22.8 PPG, 3.9 APG, 3.3 RPG, 0.9 SPG, 40.7 3P%
Abmas is a slightly taller and already well-known version of McGhee. ORU's star hasn't had any 40 burgers, but he has scored at least 32 points on five occasions. That includes a preposterous performance against Western Illinois on Feb. 3 in which he was held scoreless in the first half before exploding for 33 after intermission. No one can get hot faster than Abmas.
Mid-Major No. 1: David Roddy, Colorado State (Previous Rank: None)
19.3 PPG, 7.7 RPG, 3.1 APG, 1.2 BPG, 1.1 SPG, 47.4 3P%
Fun fact: I looked back at my spreadsheet from the last set of rankings to try to figure out what the heck I was thinking in dropping Roddy from No. 2 among mid-majors on Jan. 19 to out of the conversation entirely on Feb. 2. It appears I accidentally deleted his row at some point and subsequently forgot about him. Whoops!
Hard to forget about him after the way he has been playing lately, though. Roddy averaged 22.5 points, 7.8 rebounds and 3.8 assists while shooting 9-of-20 from three-point range in Colorado State's first four games in February as the Rams improved to 20-3. Unless he finds an even higher gear the rest of the way, he probably won't be one of the five finalists for the Wooden Watch. But it would be a surprise if Roddy does not appear in the top 15 when they announce the pared down list on or around March 6.
Mid-Major honorable mentions: Isiaih Mosley, Missouri State; Fardaqs Aimaq, Utah Valley; Hunter Maldonado/Graham Ike, Wyoming; Malachi Smith, Chattanooga; Yauhen Massalski, San Francisco; Bryce Hamilton, UNLV; Jordan Walker, UAB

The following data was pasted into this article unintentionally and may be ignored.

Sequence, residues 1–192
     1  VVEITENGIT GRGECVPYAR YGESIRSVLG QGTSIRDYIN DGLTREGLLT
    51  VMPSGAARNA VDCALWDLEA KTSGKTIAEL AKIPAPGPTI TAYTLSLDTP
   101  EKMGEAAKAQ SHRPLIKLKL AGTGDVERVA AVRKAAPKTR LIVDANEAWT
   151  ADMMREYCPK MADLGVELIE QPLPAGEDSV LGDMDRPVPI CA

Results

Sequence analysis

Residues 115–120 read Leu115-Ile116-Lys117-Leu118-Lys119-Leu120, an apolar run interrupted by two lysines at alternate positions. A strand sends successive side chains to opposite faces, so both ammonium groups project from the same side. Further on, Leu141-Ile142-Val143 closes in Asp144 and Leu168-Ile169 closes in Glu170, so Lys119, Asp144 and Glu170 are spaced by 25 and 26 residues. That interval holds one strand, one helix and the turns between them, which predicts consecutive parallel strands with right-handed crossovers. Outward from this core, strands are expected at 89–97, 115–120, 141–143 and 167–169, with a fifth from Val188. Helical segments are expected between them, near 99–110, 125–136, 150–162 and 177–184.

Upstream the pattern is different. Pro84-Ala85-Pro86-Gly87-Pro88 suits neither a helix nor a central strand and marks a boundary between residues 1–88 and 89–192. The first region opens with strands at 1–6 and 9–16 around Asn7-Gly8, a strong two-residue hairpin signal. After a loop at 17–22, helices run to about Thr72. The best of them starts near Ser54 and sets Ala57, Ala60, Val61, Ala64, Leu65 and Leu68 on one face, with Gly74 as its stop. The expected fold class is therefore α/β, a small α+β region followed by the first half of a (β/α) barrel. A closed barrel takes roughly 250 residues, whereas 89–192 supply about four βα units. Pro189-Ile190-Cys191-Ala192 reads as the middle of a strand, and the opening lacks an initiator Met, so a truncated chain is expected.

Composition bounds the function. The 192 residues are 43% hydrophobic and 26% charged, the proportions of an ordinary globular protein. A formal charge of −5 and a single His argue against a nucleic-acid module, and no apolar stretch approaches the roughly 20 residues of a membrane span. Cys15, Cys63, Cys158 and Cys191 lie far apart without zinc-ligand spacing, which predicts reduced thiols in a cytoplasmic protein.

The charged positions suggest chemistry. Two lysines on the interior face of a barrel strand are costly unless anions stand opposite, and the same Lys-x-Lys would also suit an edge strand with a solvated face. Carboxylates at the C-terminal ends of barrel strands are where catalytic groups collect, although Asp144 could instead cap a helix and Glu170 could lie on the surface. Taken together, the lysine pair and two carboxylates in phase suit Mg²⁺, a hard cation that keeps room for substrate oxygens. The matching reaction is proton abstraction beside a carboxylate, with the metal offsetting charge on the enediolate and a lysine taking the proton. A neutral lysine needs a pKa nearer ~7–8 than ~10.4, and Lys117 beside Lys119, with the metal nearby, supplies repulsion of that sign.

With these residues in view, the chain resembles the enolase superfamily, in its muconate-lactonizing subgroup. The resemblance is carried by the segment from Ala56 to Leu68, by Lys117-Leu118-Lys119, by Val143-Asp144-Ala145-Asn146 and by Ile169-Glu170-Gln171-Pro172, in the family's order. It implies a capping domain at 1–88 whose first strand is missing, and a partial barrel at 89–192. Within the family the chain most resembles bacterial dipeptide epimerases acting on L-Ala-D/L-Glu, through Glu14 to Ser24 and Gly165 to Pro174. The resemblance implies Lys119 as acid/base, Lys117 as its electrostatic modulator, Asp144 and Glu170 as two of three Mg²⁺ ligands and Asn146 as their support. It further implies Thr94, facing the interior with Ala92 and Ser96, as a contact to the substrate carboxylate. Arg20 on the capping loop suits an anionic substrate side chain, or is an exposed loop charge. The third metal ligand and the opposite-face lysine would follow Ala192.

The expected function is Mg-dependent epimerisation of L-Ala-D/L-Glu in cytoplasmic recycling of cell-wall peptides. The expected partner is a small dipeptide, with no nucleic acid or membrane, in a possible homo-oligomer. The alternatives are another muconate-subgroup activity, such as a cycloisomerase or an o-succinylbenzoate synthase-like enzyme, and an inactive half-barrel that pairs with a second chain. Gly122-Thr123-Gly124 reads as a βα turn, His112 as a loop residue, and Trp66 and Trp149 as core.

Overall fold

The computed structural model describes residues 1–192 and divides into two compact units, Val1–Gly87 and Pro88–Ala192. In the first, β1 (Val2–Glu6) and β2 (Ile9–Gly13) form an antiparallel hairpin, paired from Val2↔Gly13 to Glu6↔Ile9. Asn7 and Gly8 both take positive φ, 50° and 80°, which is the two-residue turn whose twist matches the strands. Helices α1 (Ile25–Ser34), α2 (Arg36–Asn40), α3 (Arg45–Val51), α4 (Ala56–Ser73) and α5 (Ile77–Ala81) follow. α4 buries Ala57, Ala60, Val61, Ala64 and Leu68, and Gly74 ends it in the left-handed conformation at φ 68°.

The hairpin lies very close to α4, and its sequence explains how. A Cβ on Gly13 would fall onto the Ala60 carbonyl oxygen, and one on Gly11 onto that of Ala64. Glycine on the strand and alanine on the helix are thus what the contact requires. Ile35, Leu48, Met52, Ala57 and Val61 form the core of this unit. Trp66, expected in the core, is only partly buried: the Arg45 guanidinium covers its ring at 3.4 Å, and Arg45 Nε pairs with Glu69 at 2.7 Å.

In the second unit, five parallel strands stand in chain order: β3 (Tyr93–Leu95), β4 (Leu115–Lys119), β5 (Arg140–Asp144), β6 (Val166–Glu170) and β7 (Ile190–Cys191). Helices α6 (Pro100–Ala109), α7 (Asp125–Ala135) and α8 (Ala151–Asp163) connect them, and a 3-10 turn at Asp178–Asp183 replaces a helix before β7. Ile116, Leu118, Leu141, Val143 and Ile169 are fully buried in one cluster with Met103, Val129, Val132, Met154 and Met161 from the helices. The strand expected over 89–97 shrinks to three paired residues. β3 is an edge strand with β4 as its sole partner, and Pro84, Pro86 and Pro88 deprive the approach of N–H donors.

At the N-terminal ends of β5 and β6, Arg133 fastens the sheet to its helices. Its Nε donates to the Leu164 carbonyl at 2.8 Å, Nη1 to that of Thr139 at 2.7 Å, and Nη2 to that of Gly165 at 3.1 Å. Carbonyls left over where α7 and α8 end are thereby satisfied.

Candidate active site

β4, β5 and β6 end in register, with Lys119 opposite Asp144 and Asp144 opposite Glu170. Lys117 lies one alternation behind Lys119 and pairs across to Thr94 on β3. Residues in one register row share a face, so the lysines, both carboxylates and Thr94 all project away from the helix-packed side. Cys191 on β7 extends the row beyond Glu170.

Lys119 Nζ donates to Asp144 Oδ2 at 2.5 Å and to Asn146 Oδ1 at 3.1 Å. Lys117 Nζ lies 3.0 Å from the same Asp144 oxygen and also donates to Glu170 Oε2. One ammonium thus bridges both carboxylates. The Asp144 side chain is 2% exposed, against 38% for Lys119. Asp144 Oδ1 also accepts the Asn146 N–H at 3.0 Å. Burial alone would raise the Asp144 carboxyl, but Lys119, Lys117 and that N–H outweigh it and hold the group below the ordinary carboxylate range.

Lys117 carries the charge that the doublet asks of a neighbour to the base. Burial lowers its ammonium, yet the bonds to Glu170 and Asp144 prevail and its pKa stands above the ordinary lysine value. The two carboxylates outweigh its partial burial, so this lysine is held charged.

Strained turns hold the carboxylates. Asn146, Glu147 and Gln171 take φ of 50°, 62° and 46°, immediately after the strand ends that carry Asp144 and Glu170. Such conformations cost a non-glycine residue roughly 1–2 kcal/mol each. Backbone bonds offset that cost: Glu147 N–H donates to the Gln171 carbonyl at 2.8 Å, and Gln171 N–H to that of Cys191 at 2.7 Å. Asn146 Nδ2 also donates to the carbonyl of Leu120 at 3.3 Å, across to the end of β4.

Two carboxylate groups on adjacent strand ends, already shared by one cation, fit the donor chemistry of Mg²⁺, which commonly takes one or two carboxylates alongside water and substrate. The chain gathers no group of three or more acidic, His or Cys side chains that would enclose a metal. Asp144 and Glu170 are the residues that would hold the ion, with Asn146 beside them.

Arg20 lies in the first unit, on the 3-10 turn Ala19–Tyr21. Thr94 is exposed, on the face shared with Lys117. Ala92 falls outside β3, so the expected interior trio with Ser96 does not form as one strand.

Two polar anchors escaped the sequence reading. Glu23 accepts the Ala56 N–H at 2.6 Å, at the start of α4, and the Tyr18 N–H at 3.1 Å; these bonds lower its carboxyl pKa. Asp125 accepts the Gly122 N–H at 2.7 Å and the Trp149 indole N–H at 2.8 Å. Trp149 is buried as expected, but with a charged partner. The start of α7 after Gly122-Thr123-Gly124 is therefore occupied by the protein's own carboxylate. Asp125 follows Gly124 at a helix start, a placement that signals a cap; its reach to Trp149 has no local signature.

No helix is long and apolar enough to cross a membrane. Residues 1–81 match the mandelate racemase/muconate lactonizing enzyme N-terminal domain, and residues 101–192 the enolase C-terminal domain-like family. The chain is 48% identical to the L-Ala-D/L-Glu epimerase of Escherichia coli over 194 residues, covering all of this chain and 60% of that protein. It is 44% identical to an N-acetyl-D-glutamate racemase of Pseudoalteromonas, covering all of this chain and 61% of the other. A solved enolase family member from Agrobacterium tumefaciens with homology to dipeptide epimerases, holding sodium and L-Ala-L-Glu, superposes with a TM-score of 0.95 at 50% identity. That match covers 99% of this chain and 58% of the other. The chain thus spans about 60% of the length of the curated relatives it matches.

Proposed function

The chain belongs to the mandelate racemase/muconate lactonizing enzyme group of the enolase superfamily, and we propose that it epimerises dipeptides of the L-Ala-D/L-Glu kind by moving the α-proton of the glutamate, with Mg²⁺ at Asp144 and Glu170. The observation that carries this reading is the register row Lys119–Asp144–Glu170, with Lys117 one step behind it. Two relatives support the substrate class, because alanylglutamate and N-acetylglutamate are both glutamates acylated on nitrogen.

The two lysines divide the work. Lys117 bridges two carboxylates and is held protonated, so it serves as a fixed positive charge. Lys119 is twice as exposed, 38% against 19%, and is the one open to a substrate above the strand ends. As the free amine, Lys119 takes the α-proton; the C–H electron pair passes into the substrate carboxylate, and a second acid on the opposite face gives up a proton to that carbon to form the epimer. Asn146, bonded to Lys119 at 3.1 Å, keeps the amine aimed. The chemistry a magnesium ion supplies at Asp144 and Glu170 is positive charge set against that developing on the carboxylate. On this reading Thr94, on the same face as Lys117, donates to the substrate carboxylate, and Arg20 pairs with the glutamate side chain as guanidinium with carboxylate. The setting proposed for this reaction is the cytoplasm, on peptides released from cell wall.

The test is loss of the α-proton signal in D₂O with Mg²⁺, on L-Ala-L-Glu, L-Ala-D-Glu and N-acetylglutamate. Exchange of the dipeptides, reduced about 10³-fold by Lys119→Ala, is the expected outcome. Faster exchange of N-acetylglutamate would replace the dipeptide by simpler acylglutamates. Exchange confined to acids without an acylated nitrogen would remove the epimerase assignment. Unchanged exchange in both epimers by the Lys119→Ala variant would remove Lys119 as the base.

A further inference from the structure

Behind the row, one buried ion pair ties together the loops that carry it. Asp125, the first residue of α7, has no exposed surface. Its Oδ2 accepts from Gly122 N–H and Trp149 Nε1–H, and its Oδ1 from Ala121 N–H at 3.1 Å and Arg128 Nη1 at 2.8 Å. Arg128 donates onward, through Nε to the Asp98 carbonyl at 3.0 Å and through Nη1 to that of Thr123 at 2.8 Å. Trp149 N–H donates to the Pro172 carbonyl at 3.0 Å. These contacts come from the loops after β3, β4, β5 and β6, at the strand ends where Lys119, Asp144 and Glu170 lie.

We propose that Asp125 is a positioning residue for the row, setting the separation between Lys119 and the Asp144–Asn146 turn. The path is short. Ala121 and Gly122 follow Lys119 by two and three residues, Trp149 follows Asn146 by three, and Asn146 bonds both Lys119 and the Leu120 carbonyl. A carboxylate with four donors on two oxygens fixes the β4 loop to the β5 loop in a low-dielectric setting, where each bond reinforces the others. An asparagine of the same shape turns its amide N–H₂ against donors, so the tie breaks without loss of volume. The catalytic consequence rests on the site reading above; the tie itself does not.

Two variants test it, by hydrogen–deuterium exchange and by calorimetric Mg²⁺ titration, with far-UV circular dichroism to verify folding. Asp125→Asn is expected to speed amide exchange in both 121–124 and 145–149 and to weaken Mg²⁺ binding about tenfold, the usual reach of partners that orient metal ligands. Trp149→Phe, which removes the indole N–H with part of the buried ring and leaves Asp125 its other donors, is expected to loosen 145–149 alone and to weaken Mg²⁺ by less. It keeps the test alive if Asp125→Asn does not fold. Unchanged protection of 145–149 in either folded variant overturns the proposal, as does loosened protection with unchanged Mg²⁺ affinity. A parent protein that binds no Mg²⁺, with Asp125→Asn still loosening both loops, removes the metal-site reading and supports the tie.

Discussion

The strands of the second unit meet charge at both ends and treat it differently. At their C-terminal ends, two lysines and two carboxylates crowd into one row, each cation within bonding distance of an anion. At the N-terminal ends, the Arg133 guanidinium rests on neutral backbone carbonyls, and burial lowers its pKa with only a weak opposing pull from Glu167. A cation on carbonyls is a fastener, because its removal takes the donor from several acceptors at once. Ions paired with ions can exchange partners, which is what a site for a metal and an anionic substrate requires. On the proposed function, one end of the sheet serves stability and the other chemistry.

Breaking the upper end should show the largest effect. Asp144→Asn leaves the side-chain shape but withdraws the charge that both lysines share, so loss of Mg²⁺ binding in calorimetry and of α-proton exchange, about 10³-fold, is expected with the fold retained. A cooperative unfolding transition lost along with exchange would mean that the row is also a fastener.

No. 16: Justin Lewis, Marquette (Previous Rank: 17)
17.0 PPG, 8.0 RPG, 1.7 APG, 1.2 SPG, 36.0 3P%
Marquette has hit a bit of a rough patch in the past few weeks, but Lewis just keeps humming along. He had 19 points in a big win over Villanova, 17 in a loss to Connecticut and 27 in a loss to Butler with nine rebounds in each of those contests. It's pretty much a toss up between Lewis and Villanova's Collin Gillespie for Big East POY, but both deserve consideration for the All-American teams.
No. 15: Keegan Murray, Iowa (Previous Rank: 16)
23.3 PPG, 8.4 RPG, 2.0 BPG, 1.4 SPG, 1.1 APG, 37.1 3P%
I was about ready to drop Murray out of the conversation on account of his great-but-decreasing scoring average and Iowa's lack of quality wins. The latter point is still a concern, but he went for 24, 30 and 37 in consecutive wins over Minnesota, Maryland and Nebraska to bounce right back into the hunt for the national scoring title. If he accomplishes that for a team that earns a single-digit seed in the NCAA tournament, he would join Doug McDermott, Jimmer Fredette and Adam Morrison as the only players in the past two decades to do so.
No. 14: Armando Bacot, North Carolina (Previous Rank: 14)
16.6 PPG, 12.2 RPG, 1.6 BPG, 1.5 APG